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[Energy] #5 A passive house saves energy by itself

by Eco Generation | 10-04-2020 14:27 Comments 4 Comments recommendations 0 recommendations

A passive house saves energy by itself



By Science Columnist Ho-Gwan Ko



In cold winters, there is nothing like watching enjoyable movies with hot chocolate in a warm house. On hot summer days, it is nice to fiddle around at home with the air conditioner on; taking even one step outside your house could be a challenge.

However, it takes energy to keep your house in a pleasant condition. In winter, homes are heated with gas or oil, and electricity is used to cool the air in summer. As a result, carbon dioxide is released into the atmosphere, worsening climate change. If extreme weather occurs, more heating and cooling is needed, creating a vicious cycle where more carbon dioxide is emitted.

The concept of a passive house is to reduce the energy used for heating and cooling the building. The house keeps the room temperature properly with minimal heating and cooling. The concept was first created in 1988 by German physicist Wolfgang Feist and Swedish engineer Bo Adamson.


Passive House

▲ The first Passive House in Darmstadt, Germany (Photo credits to: Peter Cook)

A passive house utilizes as much external energy, including sunlight, as possible for heating in winter. It also prevents heat emitted from electronics, gas stoves, and the human body inside the building from escaping to the outside. If it is still not warm enough, the conventional floor heating system supplements heating requirements.

To attract a lot of sunlight, a building needs to face the south. While a large window in the south can bring in a lot of sunlight, this can also let heat escape through it at night. Therefore, the size of a window should be adequate, and it should provide excellent thermal insulation. Usually, passive houses have triple glazed windows. In addition, a thin layer of metal-like material is applied to the glass surface to block heat. This will help not lose heat in winter and keep outside heat from entering in summer.

The insulation of not only windows but also the entire building is important. For walls, enough insulation is necessary to protect heat from leaking out. In addition, the entire building should be sealed to keep warm air from escaping. To save energy, good design has to be compromised; although it may seem boring, the building needs to be simply rectangular in order to minimize the area of the walls that the outside air contacts. Unfortunately, even a pretty roof is not recommended, as it is not good for insulation and airtightness.

Although preventing air flow from and to inside and outside a house helps conserve heat, it causes indoor air quality issues. Therefore, a passive house is mechanically ventilated to draw fresh air from outside using a heat recovery ventilator.

This device transfers heat from one side to the other, exchanging indoor and outdoor air. Fresh, cool outdoor air enters the home through this device. Meanwhile, warm and poor-quality indoor air flows out of the house. At this point, the two airs cross each other, with the heat of the warm air being transferred to the cold air. Eventually, the fresh, cool air from the outside becomes fresh, warm air and enters the house. The polluted and warm inside air becomes cooler and goes out of the house.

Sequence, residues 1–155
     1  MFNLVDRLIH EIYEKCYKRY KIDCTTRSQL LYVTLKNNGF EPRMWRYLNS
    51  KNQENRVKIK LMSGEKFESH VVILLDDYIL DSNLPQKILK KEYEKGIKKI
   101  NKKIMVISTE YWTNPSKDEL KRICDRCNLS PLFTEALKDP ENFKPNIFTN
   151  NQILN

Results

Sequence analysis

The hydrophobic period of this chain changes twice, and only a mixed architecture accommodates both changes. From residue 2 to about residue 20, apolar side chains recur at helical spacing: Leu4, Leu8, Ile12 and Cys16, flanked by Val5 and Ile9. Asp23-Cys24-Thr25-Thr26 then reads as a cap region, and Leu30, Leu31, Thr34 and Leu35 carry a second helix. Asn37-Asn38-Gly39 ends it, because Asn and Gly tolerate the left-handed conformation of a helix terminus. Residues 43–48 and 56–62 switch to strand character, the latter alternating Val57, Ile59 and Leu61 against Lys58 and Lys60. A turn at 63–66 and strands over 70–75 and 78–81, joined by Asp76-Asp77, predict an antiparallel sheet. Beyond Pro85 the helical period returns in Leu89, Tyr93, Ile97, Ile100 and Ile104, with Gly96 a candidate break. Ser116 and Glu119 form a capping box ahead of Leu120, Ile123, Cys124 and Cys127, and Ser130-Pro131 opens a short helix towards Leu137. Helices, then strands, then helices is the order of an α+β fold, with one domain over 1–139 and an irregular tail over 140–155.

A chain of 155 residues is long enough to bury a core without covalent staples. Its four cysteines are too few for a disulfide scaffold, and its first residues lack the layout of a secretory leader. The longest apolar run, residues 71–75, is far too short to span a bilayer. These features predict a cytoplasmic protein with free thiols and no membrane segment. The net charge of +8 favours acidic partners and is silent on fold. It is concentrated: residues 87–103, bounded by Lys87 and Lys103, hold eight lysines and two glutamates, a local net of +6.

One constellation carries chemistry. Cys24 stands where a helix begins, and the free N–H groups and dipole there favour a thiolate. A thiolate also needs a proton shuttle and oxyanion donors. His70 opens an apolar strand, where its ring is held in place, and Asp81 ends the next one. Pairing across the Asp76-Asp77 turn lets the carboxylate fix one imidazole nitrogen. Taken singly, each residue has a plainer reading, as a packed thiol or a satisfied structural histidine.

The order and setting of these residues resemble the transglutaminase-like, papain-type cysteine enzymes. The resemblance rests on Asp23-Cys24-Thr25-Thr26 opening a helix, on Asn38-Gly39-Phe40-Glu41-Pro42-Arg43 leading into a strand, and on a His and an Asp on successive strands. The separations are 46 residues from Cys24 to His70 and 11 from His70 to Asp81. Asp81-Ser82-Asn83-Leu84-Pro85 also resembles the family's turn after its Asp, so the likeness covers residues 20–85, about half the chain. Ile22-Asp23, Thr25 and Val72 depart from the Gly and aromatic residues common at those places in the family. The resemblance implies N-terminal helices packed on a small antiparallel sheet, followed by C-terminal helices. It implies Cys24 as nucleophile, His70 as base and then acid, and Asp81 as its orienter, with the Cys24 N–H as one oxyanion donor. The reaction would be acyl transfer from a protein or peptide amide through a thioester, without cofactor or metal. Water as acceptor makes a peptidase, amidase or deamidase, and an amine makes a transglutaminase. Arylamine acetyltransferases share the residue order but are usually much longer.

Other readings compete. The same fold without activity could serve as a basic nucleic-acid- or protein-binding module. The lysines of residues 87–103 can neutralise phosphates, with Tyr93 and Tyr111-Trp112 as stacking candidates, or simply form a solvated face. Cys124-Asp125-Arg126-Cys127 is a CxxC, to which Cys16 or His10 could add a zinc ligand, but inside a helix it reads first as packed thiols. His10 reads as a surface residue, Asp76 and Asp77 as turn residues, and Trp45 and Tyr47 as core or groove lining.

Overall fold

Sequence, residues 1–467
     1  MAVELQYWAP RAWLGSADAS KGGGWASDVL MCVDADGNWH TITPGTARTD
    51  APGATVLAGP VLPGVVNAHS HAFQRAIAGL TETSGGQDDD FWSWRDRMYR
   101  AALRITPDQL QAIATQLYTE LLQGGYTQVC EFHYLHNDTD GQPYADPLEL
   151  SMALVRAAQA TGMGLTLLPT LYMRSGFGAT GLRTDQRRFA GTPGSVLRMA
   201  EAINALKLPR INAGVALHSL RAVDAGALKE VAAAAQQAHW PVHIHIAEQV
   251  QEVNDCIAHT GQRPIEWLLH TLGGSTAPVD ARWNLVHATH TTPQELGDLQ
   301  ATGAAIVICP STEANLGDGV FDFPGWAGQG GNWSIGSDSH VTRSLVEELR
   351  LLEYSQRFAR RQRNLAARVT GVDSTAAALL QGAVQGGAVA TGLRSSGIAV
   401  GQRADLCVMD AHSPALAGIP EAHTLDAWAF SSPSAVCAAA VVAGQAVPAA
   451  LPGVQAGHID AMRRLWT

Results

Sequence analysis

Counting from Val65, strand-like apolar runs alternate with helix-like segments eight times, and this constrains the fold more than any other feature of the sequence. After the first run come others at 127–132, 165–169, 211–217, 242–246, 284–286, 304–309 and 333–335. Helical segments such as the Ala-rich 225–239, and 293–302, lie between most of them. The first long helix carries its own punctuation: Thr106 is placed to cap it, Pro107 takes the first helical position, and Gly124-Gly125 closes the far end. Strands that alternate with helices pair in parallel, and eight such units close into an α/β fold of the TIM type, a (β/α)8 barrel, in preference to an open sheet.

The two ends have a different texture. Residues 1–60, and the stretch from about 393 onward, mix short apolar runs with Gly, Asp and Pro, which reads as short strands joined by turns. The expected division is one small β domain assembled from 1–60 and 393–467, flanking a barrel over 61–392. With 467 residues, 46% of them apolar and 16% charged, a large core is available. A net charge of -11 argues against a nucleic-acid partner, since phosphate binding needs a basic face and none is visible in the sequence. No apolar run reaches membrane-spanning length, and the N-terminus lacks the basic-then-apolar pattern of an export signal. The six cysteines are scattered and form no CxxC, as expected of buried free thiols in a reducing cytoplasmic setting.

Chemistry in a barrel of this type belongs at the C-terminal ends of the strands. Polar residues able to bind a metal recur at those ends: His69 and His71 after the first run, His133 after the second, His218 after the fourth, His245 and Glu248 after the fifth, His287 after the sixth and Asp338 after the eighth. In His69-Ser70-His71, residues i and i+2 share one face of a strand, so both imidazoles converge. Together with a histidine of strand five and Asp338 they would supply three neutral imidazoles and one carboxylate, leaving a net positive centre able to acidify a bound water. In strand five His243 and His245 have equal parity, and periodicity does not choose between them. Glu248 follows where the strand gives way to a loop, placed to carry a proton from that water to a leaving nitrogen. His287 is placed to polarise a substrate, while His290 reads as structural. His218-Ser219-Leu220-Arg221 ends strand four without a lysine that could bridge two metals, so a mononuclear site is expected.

However, if the house is too airtight for the purpose of preventing heat loss, it would be too hot in summer. There are many things to consider when building a passive house to prevent the indoor temperature from going up in summer. First, it is important to prevent heat from entering the house. Painting the exterior walls bright is one way. This is why houses in the sunny Mediterranean are painted white. Reflecting a lot of sunlight, the walls get less heat.

In summer, as opposed to winter, the light coming from windows should be minimized. As mentioned earlier, the coating on the glass blocks external heat. In addition to this, blinds or shutters need to be installed outside the window to block sunlight. This is more effective for blocking sunlight from entering the house than blinds installed inside. Eaves and awnings can also be used to cover the light. If installed at the right length, they can block the light in summer when the sun is higher and let it come into the house in winter when the sun is lower. In addition, you can keep cool air longer by flowing cold water into the pipes used for floor heating.

Passive houses are not yet widespread. It costs more to build them compared to ordinary houses, and the concept, which was invented in Europe, may not fit well with the climate in other countries. However, there will be other alternatives to develop and distribute energy-saving houses suitable for each country.



  • PALLAVI SHORI says :
    What an interesting topic it is, good work.
    Posted 15-09-2020 18:19

Mandip Devkota

  • Mandip Devkota says :
    Greetings Eco Generation
    I hope all are doing well
    Thanks for this wonderful and informative report
    Posted 15-08-2020 14:25

Asmita Gaire

  • Asmita Gaire says :
    Greetings Eco Generation
    I hope you are doing well.
    before reading the report I was like , what a passive house?
    After I read it, I am genuinely thankful towards you Tunza for this series.
    Thank you so much for this report.
    Green cheers
    Asmita Gaire
    Posted 08-05-2020 15:50

Kushal Naharki

  • Kushal Naharki says :
    Thanks for the next article of the series. This is very interesting and informative
    Posted 10-04-2020 14:51

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